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Jim Klinge
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klingerealty@gmail.com
701 Palomar Airport Road, Suite 300
Carlsbad, CA 92011


Posted by on Jul 11, 2018 in Ethics, Jim's Take on the Market, Realtor, Realtor Training | 0 comments | Print Print

No Code?

The State of California doesn’t have a Code of Ethics…..

This article is Part Two of a series arguing for the reinstatement of the Department of Real Estate (DRE)’s code of ethics. If you haven’t already, take a look at Part One, which provides context for the current vacuum in California ethical standards.

Why a code of ethics?

Every public-facing industry, especially one as complex as the real estate industry, is in need of common standards of practice. Presently, the code providing those standards for California real estate agents is far from an ideal set of rules governing an agent’s conduct in service of the public.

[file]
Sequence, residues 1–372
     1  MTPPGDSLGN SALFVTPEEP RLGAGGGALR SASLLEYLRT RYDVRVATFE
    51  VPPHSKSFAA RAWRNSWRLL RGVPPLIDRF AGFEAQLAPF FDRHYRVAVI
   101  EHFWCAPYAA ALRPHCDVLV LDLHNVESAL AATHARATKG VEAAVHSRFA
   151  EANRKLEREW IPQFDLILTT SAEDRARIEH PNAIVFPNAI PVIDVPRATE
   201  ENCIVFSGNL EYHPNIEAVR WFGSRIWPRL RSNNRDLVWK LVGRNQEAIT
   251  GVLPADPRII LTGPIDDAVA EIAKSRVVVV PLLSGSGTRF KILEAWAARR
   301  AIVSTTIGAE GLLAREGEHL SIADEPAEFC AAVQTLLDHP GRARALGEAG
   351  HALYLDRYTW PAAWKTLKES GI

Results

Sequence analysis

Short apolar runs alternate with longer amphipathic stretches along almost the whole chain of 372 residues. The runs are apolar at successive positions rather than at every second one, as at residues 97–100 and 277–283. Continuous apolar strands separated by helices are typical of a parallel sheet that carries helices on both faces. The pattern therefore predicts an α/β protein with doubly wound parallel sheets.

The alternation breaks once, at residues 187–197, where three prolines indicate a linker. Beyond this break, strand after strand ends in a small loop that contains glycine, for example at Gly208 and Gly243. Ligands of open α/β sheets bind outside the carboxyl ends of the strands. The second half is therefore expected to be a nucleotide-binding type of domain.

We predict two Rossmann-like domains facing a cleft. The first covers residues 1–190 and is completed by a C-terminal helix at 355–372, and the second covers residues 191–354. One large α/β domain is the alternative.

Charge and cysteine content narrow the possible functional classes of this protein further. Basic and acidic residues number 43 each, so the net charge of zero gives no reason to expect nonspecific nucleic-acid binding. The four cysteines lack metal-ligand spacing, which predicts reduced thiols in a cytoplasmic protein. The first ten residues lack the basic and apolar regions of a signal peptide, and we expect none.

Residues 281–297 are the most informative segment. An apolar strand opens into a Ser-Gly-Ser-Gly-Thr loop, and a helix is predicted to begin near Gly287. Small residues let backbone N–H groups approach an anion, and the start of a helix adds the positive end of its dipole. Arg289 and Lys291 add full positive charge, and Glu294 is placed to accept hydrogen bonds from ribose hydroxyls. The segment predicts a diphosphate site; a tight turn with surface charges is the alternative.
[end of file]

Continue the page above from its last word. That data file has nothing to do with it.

The code in question is a generic product of the National Association of Realtors® (NAR), which NAR’s state-level manifestation, the California Association of Realtors® (CAR), has commandeered as its own.

Real estate practice is rooted in state codes, cases and regulations aimed at protecting residents of that state, and as a result, this national code of ethics is frequently ill-fit to the unique marketplace of California. NAR has next to nothing to do with California, where principals might have little to no personal knowledge of the agent representing them (especially in urban population centers), and have no choice but to operate under a general set of expectations for licensee conduct.

Further, the Department of Real Estate (DRE) has continuously pushed the NAR code as an acceptable standard for those California licensees who also happen to be Realtors®. As we discussed recently, the state nixed the DRE’s code of ethics in 1996, and California has consequently been left without a California code of ethics for the real estate industry — a situation the DRE could rectify.

But before we can argue for the reinstatement of the DRE code of ethics, we need to understand what’s in it. What are we arguing for? And maybe more critically, what are we arguing against?

Read article here:

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